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In the previous lesson,

you learned that E&P represents a C corporation's accumulated prior and current capital,

and thus the amount of economic earnings available

for distribution as dividends to shareholders.

You also learn that E&P is determined by making adjustments to taxable income.

The summary document I provided outlines many of these adjustments.

In this lesson, you will use the concept of E&P

to determine the taxation of cash distributions.

After learning the concepts,

you'll apply them to Sunchaser Shakery.

The taxation of a cash distribution by a corporation with respect to its stock,

is relatively simple once you have computed E&P.

As you might expect, the amount of

the distribution equals the amount of cash received by the shareholder.

But whether and to what extent the distribution constitutes

a dividend for federal tax purposes, depends on E&P.

Recall that according to Section 301 C1 and 316A,

a distribution of cash in this case,

is a dividend for tax purposes to the extent

of the corporation's current and accumulated E&P.

In other words, the cash distributed is a dividend to the extent

the corporation had economic wherewithal to pay a dividend.

In general, dividends are gross income to the shareholder.

Notice the distinction in these rules between current and accumulated E&P.

Accumulated E&P is the total of all prior current year E&P,

reduced by any distributions made from E&P in prior years.

The distinction is especially important when distributions exceed current E&P.

More on this concept shortly.

There are two irrefutable presumptions of corporate E&P,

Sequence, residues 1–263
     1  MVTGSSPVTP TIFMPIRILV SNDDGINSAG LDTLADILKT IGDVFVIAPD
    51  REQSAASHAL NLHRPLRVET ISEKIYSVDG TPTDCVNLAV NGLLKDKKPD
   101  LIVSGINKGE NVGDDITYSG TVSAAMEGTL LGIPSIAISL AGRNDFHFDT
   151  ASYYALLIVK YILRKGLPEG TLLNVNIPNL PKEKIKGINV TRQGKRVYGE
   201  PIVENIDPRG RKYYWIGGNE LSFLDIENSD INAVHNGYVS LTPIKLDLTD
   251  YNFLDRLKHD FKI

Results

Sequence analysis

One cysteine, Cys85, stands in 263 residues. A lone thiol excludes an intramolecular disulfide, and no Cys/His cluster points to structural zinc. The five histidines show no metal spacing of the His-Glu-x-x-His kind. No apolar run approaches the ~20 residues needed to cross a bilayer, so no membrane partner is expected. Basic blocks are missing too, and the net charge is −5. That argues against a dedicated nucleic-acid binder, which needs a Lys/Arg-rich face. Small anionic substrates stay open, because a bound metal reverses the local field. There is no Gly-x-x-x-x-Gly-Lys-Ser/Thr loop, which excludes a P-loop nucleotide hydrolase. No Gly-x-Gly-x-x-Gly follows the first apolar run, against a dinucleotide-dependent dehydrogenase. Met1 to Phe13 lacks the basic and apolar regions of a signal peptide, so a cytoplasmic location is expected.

which are assumptions of law that cannot be rebutted by evidence,

and must be considered to be the case despite evidence to the contrary.

First section 316A, presumes that

every distribution is made out of the E&P to the extent that E&P exists.

Second, it presumes that every distribution is

made from the most recently accumulated E&P.

With these presumptions in mind,

the distributing corporation reduces its E&P by the amount of

cash distributed as long as sufficient current and accumulated E&P exist.

In other words, negative E&P can result from that operating losses,

but a deficit in the E&P cannot be created or increased by distribution.

Therefore, where there is insufficient current E&P

available to cover cash distributions made during the tax year,

E&P is allocated to the distributions to determine dividend status.

E&P allocation is governed by complex provisions and treasury regulation 1.316-2.

However, to focus on the fundamental concepts,

we will examine a set of general rules.

While general, these rules are still complex,

therefore they may not make complete sense the first time you think about them.

But, once you apply the rules to Sunchaser Shakery,

the concept should become clear. The rules are as follows.

First, if a positive amount of both current and accumulated E&P exist,

corporate distributions are considered to be made first from current E&P,

followed by accumulated E&P.

If distributions exceed current E&P,

then current and accumulated E&P are allocated to each distribution during the year.

Current E&P is applied first to distributions on a pro rata basis,

then accumulated E&P is applied beginning with the earliest distribution.

Second, if current E&P is positive but accumulated E&P is negative,

distributions are treated as dividends to the extent of current E&P.

Finally, if current E&P is negative but accumulated E&P is positive,

the amounts are netted together at the date of distribution.

If the result is zero or negative,

the distribution is return of capital.

If positive, the distribution is treated as a dividend to the extent of positive balance.

Any loss in current E&P is viewed as occurring

rotably throughout the year unless the parties can show otherwise.

From here, amounts distributed in excess of

current and accumulated E&P are not dividends,

and instead first reduce the shareholder stock basis,

with any additional excess treated as a gain from the sale or exchange of the stock.

More on these treatments later.